“I’ve met a lot of people through this song, and they’ve told me that they’ve taken it on as their song, that it describes them,” Merchant said. “It describes their strengths in spite of what others would see as deficiencies.”
Natalie Merchant performed this song, along with “Carnival,” on an episode of Saturday Night Live hosted by David Schwimmer in 1995.

The Lyrics

Doctors have come from distant cities, just to see me
Stand over my bed, disbelieving what they're seeing

They say I must be one of the wonders
Of God's own creation
And as far as they see, they can offer
No explanation

Newspapers ask intimate questions, want confessions
They reach into my head to steal, the glory of my story

They say I must be one of the wonders
Of God's own creation
And as far as they see, they can offer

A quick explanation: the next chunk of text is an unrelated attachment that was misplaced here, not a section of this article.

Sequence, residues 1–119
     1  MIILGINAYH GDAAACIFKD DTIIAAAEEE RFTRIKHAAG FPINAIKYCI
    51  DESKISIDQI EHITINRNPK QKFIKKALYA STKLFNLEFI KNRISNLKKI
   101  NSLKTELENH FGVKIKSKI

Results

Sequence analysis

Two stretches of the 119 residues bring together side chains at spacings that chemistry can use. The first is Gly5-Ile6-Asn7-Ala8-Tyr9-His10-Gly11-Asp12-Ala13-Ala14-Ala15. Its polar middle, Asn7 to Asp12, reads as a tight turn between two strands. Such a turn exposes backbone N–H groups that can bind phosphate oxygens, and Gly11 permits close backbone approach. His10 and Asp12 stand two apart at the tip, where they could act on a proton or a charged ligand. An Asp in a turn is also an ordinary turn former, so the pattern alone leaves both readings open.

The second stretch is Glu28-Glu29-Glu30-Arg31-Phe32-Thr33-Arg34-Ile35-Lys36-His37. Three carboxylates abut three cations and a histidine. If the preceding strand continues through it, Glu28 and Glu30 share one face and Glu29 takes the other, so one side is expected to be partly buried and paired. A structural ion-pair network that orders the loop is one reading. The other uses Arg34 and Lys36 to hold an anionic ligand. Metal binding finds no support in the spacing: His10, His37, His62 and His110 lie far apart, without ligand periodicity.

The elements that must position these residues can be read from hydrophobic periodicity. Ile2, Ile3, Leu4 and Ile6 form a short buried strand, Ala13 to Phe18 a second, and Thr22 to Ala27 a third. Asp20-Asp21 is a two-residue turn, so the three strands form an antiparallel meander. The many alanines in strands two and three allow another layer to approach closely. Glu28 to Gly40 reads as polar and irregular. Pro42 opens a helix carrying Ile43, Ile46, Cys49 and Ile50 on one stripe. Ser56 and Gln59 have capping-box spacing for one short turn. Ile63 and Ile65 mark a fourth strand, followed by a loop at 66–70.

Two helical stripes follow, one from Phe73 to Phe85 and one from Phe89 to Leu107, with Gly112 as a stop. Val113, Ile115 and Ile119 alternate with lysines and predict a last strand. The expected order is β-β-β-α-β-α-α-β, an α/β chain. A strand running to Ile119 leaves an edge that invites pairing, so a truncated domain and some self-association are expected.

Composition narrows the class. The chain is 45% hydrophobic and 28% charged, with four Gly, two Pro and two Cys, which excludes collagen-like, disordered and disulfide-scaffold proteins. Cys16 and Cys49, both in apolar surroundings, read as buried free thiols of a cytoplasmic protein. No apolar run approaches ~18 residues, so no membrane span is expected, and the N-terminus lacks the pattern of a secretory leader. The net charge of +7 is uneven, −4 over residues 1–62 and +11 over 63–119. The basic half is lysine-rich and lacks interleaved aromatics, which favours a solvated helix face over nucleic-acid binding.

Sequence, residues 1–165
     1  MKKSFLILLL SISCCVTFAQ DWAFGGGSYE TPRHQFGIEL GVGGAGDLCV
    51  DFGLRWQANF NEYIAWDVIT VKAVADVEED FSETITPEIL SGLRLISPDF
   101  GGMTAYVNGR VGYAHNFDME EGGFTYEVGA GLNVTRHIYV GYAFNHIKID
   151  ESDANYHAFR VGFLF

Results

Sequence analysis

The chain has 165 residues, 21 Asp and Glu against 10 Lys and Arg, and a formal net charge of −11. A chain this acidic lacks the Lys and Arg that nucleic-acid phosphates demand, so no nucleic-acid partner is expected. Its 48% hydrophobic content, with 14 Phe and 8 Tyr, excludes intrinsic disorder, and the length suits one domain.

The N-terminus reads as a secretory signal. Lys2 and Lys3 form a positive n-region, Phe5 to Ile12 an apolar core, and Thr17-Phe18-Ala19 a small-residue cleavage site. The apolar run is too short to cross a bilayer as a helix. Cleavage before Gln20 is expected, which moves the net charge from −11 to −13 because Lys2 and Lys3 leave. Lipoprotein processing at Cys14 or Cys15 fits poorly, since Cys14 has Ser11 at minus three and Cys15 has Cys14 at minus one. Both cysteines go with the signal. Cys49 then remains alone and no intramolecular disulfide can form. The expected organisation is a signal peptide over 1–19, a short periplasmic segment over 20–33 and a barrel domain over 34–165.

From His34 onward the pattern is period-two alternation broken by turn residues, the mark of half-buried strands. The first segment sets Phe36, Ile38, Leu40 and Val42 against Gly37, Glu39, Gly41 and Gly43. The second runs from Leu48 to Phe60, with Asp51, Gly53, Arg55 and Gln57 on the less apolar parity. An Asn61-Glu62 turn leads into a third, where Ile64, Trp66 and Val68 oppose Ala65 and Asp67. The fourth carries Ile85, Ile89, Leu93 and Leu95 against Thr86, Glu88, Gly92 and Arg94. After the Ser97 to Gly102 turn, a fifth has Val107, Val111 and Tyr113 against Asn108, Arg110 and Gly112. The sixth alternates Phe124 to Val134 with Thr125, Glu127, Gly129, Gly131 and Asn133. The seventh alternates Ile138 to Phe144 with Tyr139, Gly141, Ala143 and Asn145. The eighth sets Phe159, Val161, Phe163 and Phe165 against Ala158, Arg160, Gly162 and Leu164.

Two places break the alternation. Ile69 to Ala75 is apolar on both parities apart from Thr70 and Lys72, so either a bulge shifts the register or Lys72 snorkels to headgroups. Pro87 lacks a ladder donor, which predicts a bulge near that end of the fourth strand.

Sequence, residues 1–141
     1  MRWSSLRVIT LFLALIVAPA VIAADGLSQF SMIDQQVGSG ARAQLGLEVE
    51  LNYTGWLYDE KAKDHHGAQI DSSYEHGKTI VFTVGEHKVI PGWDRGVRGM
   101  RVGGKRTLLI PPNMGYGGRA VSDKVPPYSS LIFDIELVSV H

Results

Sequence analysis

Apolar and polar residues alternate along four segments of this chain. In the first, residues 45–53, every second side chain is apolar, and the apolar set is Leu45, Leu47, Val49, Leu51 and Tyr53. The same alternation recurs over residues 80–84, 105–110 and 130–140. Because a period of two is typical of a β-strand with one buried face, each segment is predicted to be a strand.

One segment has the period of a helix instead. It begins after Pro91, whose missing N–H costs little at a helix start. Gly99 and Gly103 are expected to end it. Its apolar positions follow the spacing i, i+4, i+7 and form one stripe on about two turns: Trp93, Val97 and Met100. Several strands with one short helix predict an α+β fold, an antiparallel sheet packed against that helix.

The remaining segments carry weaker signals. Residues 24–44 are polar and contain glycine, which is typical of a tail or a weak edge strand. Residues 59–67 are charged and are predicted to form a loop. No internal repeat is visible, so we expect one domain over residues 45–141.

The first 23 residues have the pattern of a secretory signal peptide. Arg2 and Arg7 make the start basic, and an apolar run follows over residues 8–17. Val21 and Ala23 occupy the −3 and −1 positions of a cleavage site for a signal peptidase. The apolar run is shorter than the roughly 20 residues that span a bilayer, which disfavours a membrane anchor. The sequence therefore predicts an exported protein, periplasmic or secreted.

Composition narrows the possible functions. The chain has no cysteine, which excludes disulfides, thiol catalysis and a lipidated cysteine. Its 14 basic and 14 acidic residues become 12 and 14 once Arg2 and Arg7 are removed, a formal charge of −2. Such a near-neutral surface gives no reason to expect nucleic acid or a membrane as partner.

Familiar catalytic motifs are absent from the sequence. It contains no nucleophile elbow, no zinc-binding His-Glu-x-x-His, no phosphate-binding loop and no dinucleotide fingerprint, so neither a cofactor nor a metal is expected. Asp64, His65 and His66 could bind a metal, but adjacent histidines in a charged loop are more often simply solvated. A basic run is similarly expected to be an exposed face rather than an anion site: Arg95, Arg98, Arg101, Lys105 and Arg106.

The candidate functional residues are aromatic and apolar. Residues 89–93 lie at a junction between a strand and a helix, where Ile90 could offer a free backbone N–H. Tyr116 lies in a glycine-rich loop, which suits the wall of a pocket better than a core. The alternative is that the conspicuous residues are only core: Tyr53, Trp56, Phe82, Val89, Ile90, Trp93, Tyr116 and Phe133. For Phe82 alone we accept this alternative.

No explanation

Ooo, I believe, fate smiled
And destiny laughed as you came to my cradle
Know this child will be able
Laughed as my body she lifted
Know this child will be gifted
With love, with patience, and with faith
She'll make her way, she'll make her way

People see me I'm a challenge to your balance
I'm over your heads how I confound you
And astound you
To know I must be one of the wonders
God's own creation
And as far as they see, they can offer
Me no explanation

Ooo, I believe, fate smiled
And destiny laughed as she came to my cradle
Know this child will be able
Laughed as she came to my mother
Know this child will not suffer
Laughed as my body she lifted
Know this child will be gifted
With love, with patience and with faith
She'll make her way, she'll make her way
She'll make her way, she'll make her way

Writer/s: NATALIE A MERCHANT 
Publisher: Downtown Music Publishing
Lyrics licensed and provided by LyricFind

Song Lyric Sunday – Guilty

The prompts for this week’s Song Lyric Sunday, hosted by Jim Adams, are Disgust, Embarrassment, Guilt, Regret, Remorse and Shame suggested by Melanie B Cee aka Sparky of Sparks From A Combustible Mind. I thought they were difficult at first but then I remembered a song by Barry Gibb and Barbra Streisand called ’Guilty’ I hope you enjoy it.

The Song